40% carbon reduction in emissions below 1990 levels? That is a bold step from California, the state known for bold environmental steps. Two bills Gov. Jerry Brown signed this week will broadly impact the economy for at least the next 14 years and bring the world’s sixth largest economy that much closer to doing their part to keep global temperatures and sea levels down reports the LA Times.
The reported rhetoric on success or failure caught my attention. There are some do-nothing merchants of doubt and cynics invested in business-as-usual who are attacking the bill.
Some business groups have already raised concerns. Allan Zaremberg, president of the state’s Chamber of Commerce, said the law doesn’t require “regulatory agencies to give any consideration to the impacts on our economy, disruptions in everyone’s daily lives or the fact that California’s population will grow.”
Isn’t that the line every time? Whether it’s been the regulation of CFCs or sulfur dioxide from coal-fired power plants, DDT or methane leaks from fracking operations, the big polluters just can’t help but say, “This will kill the economy.” They’re like broken pull string dolls. You’d think they’d notice that their arguments don’t align with reality. Research over the last 20 years has shown that well-crafted environmental regulation drives innovation and success, especially for those early adopters…like California. And really, it’s as if they live in a world of bizarro economists and risk assessors. Following on the work of Nicholas Stern, they aren’t paying attention to how climate change already has and will disrupt the economy and that sound ethics and economics point to swift and widespread action to mitigate carbon emissions.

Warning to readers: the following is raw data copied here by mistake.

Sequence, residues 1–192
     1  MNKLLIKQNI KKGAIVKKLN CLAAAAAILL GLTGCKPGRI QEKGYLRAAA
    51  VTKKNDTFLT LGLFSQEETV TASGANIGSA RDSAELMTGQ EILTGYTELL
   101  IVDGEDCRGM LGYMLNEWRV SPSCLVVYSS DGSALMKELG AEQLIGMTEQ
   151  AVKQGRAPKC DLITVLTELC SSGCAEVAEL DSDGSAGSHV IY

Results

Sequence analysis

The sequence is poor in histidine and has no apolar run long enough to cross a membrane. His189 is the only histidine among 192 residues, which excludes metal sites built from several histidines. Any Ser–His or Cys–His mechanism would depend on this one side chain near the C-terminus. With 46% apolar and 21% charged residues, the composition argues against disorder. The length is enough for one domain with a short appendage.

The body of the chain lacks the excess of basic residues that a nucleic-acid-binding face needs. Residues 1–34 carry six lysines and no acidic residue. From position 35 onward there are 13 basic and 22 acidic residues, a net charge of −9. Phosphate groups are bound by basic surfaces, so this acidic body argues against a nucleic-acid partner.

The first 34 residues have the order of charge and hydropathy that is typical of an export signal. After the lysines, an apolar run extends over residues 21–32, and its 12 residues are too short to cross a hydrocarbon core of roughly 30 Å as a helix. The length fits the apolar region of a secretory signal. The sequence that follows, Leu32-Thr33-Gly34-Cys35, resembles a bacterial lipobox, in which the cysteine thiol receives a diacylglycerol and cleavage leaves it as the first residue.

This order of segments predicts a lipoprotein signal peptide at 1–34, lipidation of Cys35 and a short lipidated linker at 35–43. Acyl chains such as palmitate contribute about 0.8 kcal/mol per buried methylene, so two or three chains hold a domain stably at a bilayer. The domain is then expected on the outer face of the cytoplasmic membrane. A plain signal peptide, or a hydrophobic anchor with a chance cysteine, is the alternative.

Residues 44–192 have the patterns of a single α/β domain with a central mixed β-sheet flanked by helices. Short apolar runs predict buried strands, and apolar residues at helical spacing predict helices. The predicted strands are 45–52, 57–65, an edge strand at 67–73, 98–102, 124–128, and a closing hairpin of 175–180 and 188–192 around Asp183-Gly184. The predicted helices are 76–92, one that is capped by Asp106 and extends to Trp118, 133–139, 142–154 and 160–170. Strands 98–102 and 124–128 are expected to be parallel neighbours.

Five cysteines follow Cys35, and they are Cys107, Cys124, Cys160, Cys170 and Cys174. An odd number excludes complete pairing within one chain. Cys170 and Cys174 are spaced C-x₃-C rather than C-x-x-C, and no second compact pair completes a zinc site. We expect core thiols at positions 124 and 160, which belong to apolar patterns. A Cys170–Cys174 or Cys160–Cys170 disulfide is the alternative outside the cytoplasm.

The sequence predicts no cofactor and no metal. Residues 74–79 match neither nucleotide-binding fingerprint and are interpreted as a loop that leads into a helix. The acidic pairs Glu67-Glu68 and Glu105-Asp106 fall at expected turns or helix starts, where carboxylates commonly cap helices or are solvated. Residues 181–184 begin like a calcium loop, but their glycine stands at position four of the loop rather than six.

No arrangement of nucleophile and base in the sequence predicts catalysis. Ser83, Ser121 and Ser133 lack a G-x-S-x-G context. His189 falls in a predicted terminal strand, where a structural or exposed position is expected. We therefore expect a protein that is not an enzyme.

These people are desperately clinging to rhetoric as dry as the drought-blighted ground in California.
Don’t take this to mean it’ll be easy. Nope. Far from it. There are folks like Stanford’s James Sweeney, director of the Precourt Energy Efficiency Center, who think that the target is unlikely. But Sweeney says he’s hopeful.
If the people of California (and the rest of us) give this honest effort, they can make the 40% reduction goal. And if they and we fail having really tried, that’ll have to be good enough. There is honor in honest failure. There is only dishonor in quitting before we start. It’s going to be exciting to watch California do this. As importantly, it’ll be exciting to see what we do in Ferguson Township and in Pennsylvania to move farther on the sustainable energy path.